A striking virtue of Deming's Americanist slant on continental themes is the help he gives the reader in thinking through a central point of difference between two philosopher/critic pairs prominent in the book, Richard Rorty and Richard Poirier, and (more surprising) Stanley Cavell and Harold Bloom. Deming's critical vocabulary is, to my ear, more attuned to European literary theory than to the self-consciously American idiom of these four pioneers in the engagement of American literature with continental theory. Deming is more likely to sound like Hegel or Heidegger than like Emerson or Stevens, for example. However, though Deming is less successful, or at least less thorough-going, in establishing his own voice than these formidable predecessors, his ethical focus clarifies something at stake in their work. Deming shares Rorty and Poirier's rather chipper optimism about postmodernism's resources for accommodating ideals of solidarity with ideals of freedom, and these two authors appear in the book mostly as authorities to be affirmed. Cavell, despite his obvious importance for Deming's sense that his project is Emersonian, is treated more distantly, and Bloom is explicitly rejected. Deming nods a distant greeting to Cavell's perfectionism, and wants to replace Bloom's anxiety of influence, each great writer trying to trump the others, with a "nexus of sympathetic writers" (22). This sounds too much like a sewing circle to me; at any rate, Deming's optimism is averse to the rather dire imaginings of Cavell and Bloom about the tensions between individual genius and democratic principle. If I try to put this into Deming's own terms, I am tempted to say "intimacy" and an irenic solidarity seem to be the natural state of language-using human beings, with "resistance," conflict, and rivalry no better than an unpleasant tonic against complacency, and perhaps even an unhappy deviation from and distortion of what unfallen intimacy would be. Deming never brings himself, I believe, to embrace the energy or movement provided by resistance and rivalry, as he does embrace intimacy and solidarity.
Deming, then, does see the darker side of sociality, but he tends to treat competitiveness and rivalry as a pathology to be eliminated rather than as part of the very structure of the "dialectic of mutual recognition." Perhaps the desire to make recognition possible without requiring struggle is a noble one. Nevertheless, this desire seems to distort Deming's discussion of Herman Melville's struggles to free himself from Nathaniel Hawthorne's precedence (chapter 3). Deming uses to good effect Alexandre Kojève's account of the Master/Slave Dialectic to frame the issues Melville faced of originality and authority. However, Deming's antipathy to Bloom's antagonistic model of writing is so strong that he refuses it even for Melville's notorious rivalry with Emerson and Hawthorne. After a sensitive discussion of Melville's obsessive attempt to "praise Hawthorne and bury him" (the Shakespeare allusion is Deming's), Deming spoils the chapter by concluding that Melville exemplifies a strategy that replaces dominance with equality and competition with sympathy (105-106). This abrupt turn deflates the chapter and makes Melville sound juvenile or simply base for taking the struggle for recognition so seriously.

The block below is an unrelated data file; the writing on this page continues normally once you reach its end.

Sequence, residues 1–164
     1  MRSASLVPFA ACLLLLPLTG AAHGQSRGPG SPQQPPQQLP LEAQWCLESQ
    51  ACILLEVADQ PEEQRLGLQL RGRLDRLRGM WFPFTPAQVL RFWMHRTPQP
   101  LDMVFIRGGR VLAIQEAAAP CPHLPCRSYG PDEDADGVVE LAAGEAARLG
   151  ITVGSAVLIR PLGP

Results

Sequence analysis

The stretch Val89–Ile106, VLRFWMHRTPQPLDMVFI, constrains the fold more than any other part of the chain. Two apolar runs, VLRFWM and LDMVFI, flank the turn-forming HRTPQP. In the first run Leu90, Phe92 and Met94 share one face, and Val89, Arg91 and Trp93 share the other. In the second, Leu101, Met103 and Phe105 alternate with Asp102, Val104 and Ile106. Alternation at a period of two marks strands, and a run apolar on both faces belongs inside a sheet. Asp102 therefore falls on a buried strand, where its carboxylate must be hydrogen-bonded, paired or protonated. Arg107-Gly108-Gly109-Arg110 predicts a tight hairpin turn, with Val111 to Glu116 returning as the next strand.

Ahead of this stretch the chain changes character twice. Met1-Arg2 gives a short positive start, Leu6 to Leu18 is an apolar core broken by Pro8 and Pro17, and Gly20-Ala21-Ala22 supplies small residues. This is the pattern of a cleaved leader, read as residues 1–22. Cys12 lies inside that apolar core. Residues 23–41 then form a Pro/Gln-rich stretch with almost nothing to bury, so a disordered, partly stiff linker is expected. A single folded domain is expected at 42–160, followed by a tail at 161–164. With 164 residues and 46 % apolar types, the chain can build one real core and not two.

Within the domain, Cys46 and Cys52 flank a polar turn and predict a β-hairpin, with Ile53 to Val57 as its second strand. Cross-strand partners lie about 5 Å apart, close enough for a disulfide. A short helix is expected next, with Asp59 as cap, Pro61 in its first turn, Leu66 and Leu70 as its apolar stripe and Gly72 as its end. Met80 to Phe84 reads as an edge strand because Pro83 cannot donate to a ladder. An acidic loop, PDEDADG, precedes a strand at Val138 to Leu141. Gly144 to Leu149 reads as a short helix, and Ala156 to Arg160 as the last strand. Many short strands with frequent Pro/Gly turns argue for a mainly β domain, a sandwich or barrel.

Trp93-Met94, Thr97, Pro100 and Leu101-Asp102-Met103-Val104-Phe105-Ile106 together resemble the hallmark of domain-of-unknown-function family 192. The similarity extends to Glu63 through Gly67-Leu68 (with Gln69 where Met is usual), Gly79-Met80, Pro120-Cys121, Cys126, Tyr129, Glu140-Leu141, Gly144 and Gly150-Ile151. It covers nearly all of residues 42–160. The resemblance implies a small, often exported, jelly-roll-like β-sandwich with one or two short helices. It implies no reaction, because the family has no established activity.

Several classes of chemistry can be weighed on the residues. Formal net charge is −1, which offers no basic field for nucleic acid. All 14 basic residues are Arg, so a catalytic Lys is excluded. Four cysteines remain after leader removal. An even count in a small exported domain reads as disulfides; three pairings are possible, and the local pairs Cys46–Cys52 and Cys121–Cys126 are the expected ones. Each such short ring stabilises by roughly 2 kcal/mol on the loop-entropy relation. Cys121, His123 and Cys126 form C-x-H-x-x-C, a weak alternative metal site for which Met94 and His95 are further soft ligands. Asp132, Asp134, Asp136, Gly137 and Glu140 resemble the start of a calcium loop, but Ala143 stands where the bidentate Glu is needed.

This flattening of the writer's ambition makes the concluding fourth chapter on Stevens and Williams the weakest in the book. Deming's extended discussion (126-132) of Stevens' poem "The American Sublime" is a revealing failure. The poem begins, "How does one stand | To behold the sublime" and uses an equestrian statue of Andrew Jackson, the exemplary political figure of America as a popular democracy, as an emblem of the tension between democracy and nobility, at least nobility as expressed in the dominate artistic traditions of Europe since the Renaissance. This tension puts a question mark in the title phrase, for it is far from obvious how an authentically American poetry can be sublime. It is the ambition to write sublime but yet American poetry that Stevens is exploring.